I don't know of any hot springs or geysers in Oklahoma, but we do have mineral springs. As we returned home from Turner Falls, we made a side trip into Sulphur, Oklahoma to visit what we had been told was a mineral spring. The smell of the sulphur water permeates the town. I think it smells like hard-boiled eggs, but David insists it smells like rotten eggs. Either way, it is an unpleasant experience.
A plaque at the site read:
"The Vendome Well, drilled in 1922, became a popular local attraction. Promoters claimed that the artesian well spouted water 30 feet high. A valve controlled the flow, and the water was heated for use in the Vendome Plunge swimming pool. Today the sulphur water feeds the pools of Flower Park before entering Travertine Creek."
The well is located in the Chickasaw National Recreation Area and has been flowing since 1922. It has been said that the springs and streams that run through this park are a part of the most complex geological and hydrological system in the United States. While the well is considered a mineral spring, the park neither confirms or denies the medicinal benefits of the water.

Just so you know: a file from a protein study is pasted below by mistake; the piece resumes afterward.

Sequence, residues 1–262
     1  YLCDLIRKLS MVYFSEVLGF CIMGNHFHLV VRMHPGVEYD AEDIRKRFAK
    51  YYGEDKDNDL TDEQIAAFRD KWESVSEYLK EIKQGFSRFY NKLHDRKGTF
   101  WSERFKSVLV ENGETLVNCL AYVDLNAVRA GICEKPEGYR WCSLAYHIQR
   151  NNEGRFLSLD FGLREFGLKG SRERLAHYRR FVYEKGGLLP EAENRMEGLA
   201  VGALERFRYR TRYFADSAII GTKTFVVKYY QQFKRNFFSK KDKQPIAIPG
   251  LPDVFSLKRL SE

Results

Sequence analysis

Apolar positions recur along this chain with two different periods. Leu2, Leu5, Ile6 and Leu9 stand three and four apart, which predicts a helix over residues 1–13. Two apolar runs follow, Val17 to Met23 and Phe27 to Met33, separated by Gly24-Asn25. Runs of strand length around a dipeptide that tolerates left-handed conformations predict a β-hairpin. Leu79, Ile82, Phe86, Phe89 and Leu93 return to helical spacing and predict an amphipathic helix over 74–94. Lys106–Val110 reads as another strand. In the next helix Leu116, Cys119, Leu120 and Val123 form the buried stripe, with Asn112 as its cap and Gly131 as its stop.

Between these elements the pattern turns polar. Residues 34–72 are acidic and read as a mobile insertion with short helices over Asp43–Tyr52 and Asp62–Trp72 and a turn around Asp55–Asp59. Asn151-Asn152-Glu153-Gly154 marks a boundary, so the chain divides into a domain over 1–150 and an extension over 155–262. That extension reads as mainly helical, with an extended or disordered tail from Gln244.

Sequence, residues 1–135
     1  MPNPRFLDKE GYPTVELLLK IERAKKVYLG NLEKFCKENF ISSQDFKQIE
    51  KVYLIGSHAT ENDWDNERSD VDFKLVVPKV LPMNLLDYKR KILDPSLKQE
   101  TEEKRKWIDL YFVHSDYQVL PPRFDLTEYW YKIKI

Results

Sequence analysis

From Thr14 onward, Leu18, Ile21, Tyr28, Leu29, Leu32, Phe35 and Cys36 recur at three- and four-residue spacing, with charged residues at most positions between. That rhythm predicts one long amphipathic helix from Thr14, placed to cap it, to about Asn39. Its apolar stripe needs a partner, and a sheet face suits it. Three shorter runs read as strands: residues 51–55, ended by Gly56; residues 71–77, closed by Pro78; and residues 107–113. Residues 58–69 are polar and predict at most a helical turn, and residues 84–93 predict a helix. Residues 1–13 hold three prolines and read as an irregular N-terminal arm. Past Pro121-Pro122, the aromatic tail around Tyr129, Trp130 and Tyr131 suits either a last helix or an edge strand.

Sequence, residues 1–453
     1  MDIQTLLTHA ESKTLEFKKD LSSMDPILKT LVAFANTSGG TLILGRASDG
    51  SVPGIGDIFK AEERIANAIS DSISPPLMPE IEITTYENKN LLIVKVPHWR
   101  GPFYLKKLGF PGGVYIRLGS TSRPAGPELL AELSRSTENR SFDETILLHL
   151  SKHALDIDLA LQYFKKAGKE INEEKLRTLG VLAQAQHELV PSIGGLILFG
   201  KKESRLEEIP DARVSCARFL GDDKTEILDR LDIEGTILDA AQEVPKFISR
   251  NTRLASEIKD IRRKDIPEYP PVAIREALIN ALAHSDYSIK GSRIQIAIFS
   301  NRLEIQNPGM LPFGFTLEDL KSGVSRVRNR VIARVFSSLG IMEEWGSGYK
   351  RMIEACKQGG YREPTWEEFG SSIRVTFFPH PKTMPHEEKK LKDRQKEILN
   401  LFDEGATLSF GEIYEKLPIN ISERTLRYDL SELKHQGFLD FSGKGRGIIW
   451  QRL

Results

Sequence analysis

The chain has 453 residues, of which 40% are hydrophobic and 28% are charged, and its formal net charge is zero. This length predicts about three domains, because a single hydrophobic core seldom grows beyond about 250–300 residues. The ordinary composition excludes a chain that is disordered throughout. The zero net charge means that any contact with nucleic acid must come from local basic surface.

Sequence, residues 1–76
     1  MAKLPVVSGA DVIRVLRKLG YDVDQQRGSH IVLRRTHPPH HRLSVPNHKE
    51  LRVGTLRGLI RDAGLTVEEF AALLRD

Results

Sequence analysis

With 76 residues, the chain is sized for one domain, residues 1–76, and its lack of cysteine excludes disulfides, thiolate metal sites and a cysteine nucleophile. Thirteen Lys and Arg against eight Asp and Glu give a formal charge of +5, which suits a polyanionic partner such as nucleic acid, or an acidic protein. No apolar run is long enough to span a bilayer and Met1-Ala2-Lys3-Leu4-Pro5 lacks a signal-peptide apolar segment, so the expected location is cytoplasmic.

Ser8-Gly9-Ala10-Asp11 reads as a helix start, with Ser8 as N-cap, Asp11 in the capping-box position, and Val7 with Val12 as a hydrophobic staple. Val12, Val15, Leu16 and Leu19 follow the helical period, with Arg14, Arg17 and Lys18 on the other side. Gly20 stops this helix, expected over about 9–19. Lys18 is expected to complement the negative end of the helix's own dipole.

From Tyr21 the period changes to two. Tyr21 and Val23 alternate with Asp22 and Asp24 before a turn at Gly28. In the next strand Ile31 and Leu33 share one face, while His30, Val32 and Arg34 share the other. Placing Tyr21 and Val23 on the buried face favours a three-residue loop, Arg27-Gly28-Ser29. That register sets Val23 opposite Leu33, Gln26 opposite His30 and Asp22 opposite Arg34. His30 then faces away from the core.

Here is some science-speak about the mineral springs:
"The springs are formed when water passes through underground rock formations. Rock layers form canoe-shaped structures called a syncline. Water enters the high point of this formation and travels downhill. The water is then forced upward through fissures in the rock layers. Some rock layers contain sulphur and bromine; water coming through these layers collects the minerals and becomes mineral water. Water passing through rock layers that do not contain these mineral remains fresh." - www.lasr.net
The well has a fountain from which I had each of the children drink. Neither seemed bothered by the taste, but both could understand how the smell could change the flavor of things which are made with water, like Kool-Aid or orange juice made from concentrate.